This paper falls into two main sections. The first section provides a brief overview of organised violence and torture in Zimbabwe, mainly drawing on statistics from the 2001-2009 period, but in some cases going back further. Figures showing the kinds of abuse inflicted and its frequency provide evidence of the extent to which Zimbabweans have suffered during this period of complex emergency, when the infrastructure of the country has collapsed around them. The second section - Developing a response: learning from experience elsewhere, presents in brief the shifts in thinking in this field which have occurred over the last two decades as a result of experience in post-conflict situations round the world.

Civil society has long anticipated the current dynamics and questions facing those concerned with transitional justice in Zimbabwe. In 2003, against the background of inter-party talks about possible transition, a Symposium was held in Johannesburg, which made comprehensive recommendations on the ways to manage the consequences of organized violence and torture, including ways in which truth, accountability and healing should take place. However, it is apparent that the national situation has changed (and deteriorated) considerably since 2003. A strong argument can be made that Zimbabwe now conforms to the kind of situation currently termed a “complex emergency”. In the context of economic collapse, the collapse of all supportive services [health and social welfare], severe food shortages, and mass violence, Zimbabwe resembles a country at war, but without the obvious features of war. The types of trauma reported, especially in the past five years, conform in most respects to those seen in obvious times of war - the profiles for the pre-Independence period and Matabeleland in the period 1980 to 1987 are markedly similar to that seen nationally since 2000.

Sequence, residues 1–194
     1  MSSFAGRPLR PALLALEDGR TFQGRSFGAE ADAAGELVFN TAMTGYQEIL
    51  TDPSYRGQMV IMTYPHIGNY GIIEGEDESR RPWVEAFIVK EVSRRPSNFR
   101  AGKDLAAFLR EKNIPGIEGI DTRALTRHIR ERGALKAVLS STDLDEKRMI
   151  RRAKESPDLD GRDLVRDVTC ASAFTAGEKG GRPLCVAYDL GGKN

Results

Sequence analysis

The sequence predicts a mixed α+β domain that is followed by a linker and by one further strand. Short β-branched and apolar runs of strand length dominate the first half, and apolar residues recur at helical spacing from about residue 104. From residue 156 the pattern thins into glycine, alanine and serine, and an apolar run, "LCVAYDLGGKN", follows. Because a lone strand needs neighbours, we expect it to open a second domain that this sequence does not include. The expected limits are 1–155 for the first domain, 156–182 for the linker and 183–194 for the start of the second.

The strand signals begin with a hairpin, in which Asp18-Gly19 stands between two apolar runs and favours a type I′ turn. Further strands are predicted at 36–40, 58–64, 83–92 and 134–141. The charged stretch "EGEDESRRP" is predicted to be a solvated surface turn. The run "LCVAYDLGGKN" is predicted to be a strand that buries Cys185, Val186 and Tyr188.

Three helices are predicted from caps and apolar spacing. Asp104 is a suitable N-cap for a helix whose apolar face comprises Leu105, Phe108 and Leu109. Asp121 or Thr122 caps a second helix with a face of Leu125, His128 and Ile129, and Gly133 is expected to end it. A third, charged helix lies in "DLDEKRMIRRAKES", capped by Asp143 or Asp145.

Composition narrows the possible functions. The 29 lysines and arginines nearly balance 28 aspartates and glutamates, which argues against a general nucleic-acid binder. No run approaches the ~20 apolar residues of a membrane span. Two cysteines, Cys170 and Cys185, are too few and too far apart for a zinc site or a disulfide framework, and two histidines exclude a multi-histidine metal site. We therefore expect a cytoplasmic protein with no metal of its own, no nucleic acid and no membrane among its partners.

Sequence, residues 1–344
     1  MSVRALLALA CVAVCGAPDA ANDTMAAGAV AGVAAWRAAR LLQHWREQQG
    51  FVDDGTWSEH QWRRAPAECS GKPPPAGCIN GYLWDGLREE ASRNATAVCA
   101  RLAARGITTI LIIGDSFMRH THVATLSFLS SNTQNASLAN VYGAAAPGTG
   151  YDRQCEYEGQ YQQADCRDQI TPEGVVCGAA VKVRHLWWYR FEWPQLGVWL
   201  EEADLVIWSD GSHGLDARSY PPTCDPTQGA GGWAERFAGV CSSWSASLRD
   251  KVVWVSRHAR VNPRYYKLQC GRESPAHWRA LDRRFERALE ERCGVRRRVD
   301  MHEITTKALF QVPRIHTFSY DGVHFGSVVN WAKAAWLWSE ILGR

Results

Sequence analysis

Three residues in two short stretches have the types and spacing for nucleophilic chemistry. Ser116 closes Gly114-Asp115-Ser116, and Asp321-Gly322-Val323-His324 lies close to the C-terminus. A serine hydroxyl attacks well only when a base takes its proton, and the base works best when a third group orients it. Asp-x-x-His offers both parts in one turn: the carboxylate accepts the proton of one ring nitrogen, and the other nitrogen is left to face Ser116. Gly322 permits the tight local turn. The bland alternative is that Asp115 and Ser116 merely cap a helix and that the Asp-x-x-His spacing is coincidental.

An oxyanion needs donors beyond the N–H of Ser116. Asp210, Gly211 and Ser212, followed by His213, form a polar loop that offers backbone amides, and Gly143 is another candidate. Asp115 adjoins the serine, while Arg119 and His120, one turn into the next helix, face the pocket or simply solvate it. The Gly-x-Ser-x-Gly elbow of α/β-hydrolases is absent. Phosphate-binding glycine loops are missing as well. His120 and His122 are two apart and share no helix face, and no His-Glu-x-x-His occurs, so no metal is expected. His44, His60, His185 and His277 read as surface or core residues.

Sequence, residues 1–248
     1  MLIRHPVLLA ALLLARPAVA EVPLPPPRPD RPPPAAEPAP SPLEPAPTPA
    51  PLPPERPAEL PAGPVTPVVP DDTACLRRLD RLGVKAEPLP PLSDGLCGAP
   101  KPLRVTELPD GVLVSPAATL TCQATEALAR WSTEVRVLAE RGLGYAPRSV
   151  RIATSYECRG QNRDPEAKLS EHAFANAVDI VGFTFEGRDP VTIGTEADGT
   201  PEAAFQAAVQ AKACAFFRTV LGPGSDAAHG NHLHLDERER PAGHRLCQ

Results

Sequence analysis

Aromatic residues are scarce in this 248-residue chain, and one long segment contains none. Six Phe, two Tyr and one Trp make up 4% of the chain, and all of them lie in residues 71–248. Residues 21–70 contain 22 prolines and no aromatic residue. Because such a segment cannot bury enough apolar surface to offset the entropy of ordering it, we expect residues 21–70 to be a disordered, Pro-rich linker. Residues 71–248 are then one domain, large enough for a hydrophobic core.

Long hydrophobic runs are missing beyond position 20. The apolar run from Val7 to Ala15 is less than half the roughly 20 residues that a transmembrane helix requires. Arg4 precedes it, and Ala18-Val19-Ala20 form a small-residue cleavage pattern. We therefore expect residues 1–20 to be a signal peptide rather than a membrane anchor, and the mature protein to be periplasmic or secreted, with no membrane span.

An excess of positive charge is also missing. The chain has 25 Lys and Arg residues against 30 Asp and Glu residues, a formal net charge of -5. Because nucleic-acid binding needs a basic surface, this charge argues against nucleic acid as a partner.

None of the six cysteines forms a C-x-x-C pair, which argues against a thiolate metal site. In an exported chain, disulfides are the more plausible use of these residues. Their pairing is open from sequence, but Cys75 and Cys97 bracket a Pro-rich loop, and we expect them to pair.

Whilst there is continual reference to the suffering of those affected by the Zimbabwe crisis, particularly in reference to Operation Murambatsvina and the burgeoning food crisis, insufficient attention has been given to the mental health consequences, both psychological and social, of the massive social upheaval and organized violence and torture that has accompanied the crisis.This paper seeks to begin to fill this gap.

One of the greatest challenges in the aftermath of any violent conflict is the issue of accountability for serious human rights violations. Although impunity continues to characterise many post-conflict situations, since the end of World War 2 there has been perceptible progress in efforts towards securing justice and accountability and in undertakings to build polities based on fundamental rights and freedoms and respect for the rule of law. Although there is much work still to be done in this regard, addressing the rights of victims and survivors is increasingly recognised as an essential component of any credible efforts designed to tackle issues of justice and accountability, which are themselves integral components of building the foundations of a sustainable democratic culture. Policies of amnesia and avoidance, which have characterised so much of the past, are under attack and, in the words of the United Nations High Commissioner for Human Rights, “the preference fordoing nothing is no longer an option.”